Chemical state analyses of nitride layers in polycrystalline Ti and Zr produced by high dose implantation of nitrogen ions were performed by X-ray photoelectron spectroscopy (XPS). From the results, it was found that the accompanying the nitrogen ion implantation, a shift in the peaks of the Ti 2p3/2 or the Zr 3d5/2 spectra occurred, and that the magnitude of the binding energy shift became the largest in the vicinity of the maximum concentration of nitrogen. The magnitude of the shift was nearly equal to that of the MeN1.0 thin films formed under the equilibrium condition. The change in the binding energy difference between the Ti 2p3/2 and the N 1s core peaks shifted to the high-energy side along with the increase of the nitrogen concentration. At a nitrogen concentration of about 30%, a clear inflection point was observed. It was shown that this inflection point corresponds to the stoichiometric change from Ti2N to TiN1.0. The N 1s-Zr 3d5/2 binding energy difference values showed a nearly constant value of 218.3eV in the low concentration region where the nitrogen atoms are α-phase, and it became clear that they decreased continuously from the region for forming ZrNx (25 at. %N). It was understood that the change in the binding energy shows a change in the electron charge transfer from metals to nitrides accompanying an increase in the nitrogen atom concentration. The possibility that nitride thin layers having a gradient composition of nitrogen atoms in the depth direction can be formed was suggested.
The effects of ultrasonic waves on electrolysis consist mainly of cavitation action. The collapse of cavitation bubbles in liquid generate collapse pressure, jet flow and impulse pressure due to the jet flow. First, the collapsing motion of a single bubble near a electrode surface was modeled, and equations of motion for a spherical gas bubble were obtained. Next, the properties of deposits were studied on the basis of the equations of motion. The jet flow speed and liquid pressure due to water hammer were calculated using equations (33) and (34) in liquid. For example, when the jet flow speed was 120m·s-1, the water pressure was about 2000atm. The mass transfer on the electrode was a turbulent diffusion. The jet flow and pressure affected the entire mechanism of electrodeposition: the rate of deposition, current efficiency, hardness, roughness and particle size of deposits were affected.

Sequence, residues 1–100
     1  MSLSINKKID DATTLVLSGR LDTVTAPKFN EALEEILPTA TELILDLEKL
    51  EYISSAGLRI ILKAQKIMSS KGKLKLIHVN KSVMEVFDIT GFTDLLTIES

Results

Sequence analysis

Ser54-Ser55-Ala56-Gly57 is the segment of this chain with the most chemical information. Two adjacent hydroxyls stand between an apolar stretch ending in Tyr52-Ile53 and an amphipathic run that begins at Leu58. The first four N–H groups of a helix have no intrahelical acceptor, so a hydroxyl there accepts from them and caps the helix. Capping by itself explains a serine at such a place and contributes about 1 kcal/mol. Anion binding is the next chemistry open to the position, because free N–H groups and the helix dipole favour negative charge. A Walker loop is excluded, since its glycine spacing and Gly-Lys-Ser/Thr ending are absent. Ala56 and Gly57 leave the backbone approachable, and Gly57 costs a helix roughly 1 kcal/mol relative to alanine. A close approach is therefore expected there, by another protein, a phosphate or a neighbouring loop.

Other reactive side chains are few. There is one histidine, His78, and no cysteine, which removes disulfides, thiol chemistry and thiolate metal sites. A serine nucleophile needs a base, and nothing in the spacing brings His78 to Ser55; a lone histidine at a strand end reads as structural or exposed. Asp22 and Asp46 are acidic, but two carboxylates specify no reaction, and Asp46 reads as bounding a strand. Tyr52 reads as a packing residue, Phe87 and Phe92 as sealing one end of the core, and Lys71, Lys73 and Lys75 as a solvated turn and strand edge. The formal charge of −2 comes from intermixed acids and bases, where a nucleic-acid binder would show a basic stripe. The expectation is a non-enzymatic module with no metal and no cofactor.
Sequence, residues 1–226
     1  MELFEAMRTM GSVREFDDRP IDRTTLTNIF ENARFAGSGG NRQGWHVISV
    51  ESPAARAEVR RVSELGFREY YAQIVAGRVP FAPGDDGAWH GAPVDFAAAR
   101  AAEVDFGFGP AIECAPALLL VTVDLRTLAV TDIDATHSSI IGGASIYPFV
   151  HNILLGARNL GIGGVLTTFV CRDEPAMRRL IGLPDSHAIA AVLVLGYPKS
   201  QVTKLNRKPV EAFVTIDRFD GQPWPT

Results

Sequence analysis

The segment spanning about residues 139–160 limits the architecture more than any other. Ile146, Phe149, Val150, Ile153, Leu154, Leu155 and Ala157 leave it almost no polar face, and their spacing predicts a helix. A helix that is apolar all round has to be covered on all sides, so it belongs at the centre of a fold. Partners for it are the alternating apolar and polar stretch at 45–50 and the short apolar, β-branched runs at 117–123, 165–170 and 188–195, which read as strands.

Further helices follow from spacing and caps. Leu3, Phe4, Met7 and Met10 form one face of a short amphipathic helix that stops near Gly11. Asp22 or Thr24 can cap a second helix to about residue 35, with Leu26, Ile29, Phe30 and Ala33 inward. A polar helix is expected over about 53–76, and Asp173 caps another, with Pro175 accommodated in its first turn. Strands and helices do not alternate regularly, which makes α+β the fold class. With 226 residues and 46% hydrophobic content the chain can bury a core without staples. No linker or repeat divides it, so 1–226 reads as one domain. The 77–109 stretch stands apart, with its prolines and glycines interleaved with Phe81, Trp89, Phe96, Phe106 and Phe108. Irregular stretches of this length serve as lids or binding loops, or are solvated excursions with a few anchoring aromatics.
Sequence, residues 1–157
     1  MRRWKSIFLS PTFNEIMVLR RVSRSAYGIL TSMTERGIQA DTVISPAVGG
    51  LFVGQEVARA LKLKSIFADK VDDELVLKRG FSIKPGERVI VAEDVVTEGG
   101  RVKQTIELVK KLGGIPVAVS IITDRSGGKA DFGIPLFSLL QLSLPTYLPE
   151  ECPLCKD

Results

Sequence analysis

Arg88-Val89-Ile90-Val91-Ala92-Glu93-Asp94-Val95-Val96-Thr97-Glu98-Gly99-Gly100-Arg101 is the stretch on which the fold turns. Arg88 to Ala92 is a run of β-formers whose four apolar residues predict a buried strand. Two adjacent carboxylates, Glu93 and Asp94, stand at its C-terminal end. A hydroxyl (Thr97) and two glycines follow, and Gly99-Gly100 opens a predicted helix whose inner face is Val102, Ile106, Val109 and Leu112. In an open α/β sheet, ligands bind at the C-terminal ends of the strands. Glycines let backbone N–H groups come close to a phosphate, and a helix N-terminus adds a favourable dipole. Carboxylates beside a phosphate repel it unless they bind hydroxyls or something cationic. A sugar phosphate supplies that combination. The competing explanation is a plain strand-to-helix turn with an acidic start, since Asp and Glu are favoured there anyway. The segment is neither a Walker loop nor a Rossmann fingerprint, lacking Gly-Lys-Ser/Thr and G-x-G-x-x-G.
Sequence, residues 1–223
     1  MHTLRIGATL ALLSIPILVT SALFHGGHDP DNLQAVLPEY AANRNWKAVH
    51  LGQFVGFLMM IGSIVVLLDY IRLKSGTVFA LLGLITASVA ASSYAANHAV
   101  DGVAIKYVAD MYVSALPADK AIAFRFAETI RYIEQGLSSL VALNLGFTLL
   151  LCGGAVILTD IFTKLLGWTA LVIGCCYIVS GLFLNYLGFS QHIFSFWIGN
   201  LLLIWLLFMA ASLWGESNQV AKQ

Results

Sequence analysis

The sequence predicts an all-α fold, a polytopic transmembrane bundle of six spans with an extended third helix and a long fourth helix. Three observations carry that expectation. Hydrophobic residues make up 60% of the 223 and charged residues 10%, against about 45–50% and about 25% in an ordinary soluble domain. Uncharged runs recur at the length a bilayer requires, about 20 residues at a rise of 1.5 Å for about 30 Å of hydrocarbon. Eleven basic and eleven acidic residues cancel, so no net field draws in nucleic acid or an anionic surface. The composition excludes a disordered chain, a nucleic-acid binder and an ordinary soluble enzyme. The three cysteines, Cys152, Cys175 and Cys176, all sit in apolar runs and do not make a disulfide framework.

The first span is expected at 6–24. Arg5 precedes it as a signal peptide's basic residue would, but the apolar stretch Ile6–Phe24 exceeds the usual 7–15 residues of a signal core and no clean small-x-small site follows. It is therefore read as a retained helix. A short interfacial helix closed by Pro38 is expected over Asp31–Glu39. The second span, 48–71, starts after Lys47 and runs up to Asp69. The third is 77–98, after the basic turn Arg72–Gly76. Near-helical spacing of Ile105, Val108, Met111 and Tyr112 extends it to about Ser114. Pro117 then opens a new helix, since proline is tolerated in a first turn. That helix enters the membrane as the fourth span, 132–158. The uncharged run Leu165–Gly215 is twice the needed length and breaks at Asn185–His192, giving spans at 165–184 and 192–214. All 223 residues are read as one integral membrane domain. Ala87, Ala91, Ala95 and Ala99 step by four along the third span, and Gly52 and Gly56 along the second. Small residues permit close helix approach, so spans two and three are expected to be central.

The hydrogen absorption characteristics of sputtered LaNiXMY alloy films (M=Al and Cu) were examined using a number of electrochemical methods. The alloy films did not exhibit a clear dissociation pressure plateau in P-C-T curves, probably because of their amorphous structure. The hydrogen dissociation pressure of La-Ni alloy films increased as the amount of nickel component increased. In contrast with LaNiXMY films, it decreased with the addition of aluminum or copper. The apparent plateau pressure of the LaNi5.1 film was estimated to be on the order of 104 Pa at 0°C, and that of the LaNi4.5 Al0.1 film was estimated to be on the order of 102 Pa at 20°C. Addition of aluminum was highly effective in lowering the hydrogen dissociation pressure. Elevation of the electrode operation temperature decreased the amount of hydrogen absorbed in the films. However at high temperature the amount of hydrogen that could be discharged galvanostatically increased. It could be considered that this occurred because the improvements in the reactivity and the hydrogen diffusion of alloy films at high temperature resulted in a fall in the discharge overvoltage, and because the dischargeable region of the hydrogen concentration in the P-C-T curves was extended.
The basic electrodeposition behavior of Dy-Fe was investigated and a rectangular pulse electrodeposition technique was applied to this system. The current efficiency of DC electrodeposition decreased at values over 50A m-2, but electrodeposition with rather high current efficiency was possible in the pulse current density range between 100 and 250A m-2. A predominant pulse effect was observed at a duty cycle [on time/[on time+off time]] below 50%. A smooth, bright and amorphous film was obtained using the pulse technique.